• Growing & Nurturing Community Partnerships


    As school administrators, we have a unique opportunity to develop strong relationships within our district as well as forge strong partnerships with the surrounding community.  The dedication and commitment that is needed to grow and develop community relationships can be compared to the life-cycle of flowers. Specifically, the nurturing that is necessary during each stage of development, allowing flowers to thrive and bloom can be compared to the devotion that is needed when school administrators initially establish community partnerships. Forging relationships with community members will allow school administrators to plant strong roots in the community that will ultimately impact students, families, and community members. 

    Stage 1: Planting the Seeds; Trusting the Process

    Planting seeds is the first step in educational collaboration between administrators and community members. Ambitious school leaders strive to provide access and opportunity to students in order to give exposure to new experiences that aid in the learning process. More times than not, these learning opportunities can be found within the surrounding community. To develop these partnerships, educational leaders need to deliver a clear vision with defined expectations that will promote buy-in from all key stakeholders. As a result, a trusting and supportive partnership within the schools and community will begin to cultivate into a collaborative environment that will better serve not only the community, but our students.     

    Stage 2: Establishing Strong Roots; Nurturing the Process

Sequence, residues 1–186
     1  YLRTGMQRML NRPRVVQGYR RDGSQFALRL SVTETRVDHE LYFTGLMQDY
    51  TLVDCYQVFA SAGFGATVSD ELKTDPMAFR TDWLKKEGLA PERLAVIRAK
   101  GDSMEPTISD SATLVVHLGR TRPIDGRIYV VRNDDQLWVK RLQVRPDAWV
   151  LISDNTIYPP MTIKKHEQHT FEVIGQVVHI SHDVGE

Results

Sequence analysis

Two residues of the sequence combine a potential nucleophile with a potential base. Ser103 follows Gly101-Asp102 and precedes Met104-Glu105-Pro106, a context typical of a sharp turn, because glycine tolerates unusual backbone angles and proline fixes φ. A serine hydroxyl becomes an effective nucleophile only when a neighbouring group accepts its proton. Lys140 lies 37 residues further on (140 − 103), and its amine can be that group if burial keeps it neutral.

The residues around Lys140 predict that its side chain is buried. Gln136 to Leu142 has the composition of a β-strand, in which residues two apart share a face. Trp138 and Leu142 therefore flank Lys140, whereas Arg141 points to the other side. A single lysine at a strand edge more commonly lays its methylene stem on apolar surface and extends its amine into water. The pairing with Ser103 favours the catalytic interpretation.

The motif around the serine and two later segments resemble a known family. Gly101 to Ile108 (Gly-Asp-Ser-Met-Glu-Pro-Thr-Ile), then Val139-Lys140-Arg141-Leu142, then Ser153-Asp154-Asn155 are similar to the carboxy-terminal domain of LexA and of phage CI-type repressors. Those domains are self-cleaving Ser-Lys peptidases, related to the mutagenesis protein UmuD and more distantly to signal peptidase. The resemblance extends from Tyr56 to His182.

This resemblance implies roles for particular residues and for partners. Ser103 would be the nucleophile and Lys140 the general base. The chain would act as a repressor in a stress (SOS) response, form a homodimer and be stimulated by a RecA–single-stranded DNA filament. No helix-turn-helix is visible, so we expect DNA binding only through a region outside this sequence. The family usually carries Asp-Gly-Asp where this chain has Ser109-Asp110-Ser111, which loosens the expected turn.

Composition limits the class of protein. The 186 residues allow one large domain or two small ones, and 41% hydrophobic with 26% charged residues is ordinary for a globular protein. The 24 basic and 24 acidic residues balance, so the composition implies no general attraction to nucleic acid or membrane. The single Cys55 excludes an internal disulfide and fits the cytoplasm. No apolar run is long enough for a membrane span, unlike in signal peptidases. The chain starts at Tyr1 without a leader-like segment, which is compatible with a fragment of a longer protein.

The nurturing process is an important part of the life-cycle because as the flower transforms, certain resources need to be provided. Having frequent communication, recognizing perspective, and establishing trust are ways educational leaders can nurture the relationships formed and continue to implement new innovative opportunities for students to engage in and outside of the classroom.  

    Stage 3: Supporting the Sprouting Development; Having a Growth Mindset

    As a flower grows and develops, weeds and other damaged parts may begin to surround the flower, which would need to be removed, so new growth can be visible. Comparably, administrators need to do away with old practices to make room for new growth and ideas. In order to do so, inclusive planning needs to take place with all stakeholders encouraging everyone to have a voice. The growth that will occur throughout this stage, internally and externally, will allow for new programs and experiences. Once ideas begin to sprout and the defined expectations have been met it is important to celebrate achievements and provide recognition.             

    Stage 4:  Blooming & Flourishing; Thriving Alongside the Community

    A flower that has been nourished and cared for, will begin to thrive and blossom. Maintaining positive influences within the community achieves educational goals, tying to increased student success. Providing students with hands-on experiences in trades and culinary businesses, access to resources and services provided by parks and recreation, and networking opportunities through local college mentorship programs will foster a well-rounded student and community member.  

    Overall, educational leaders play a pivotal role alongside the community to inspire and empower young students to reach their highest potential. Networking and creating positive relationships will lead to a more fair and just society preparing students for opportunities beyond the classroom.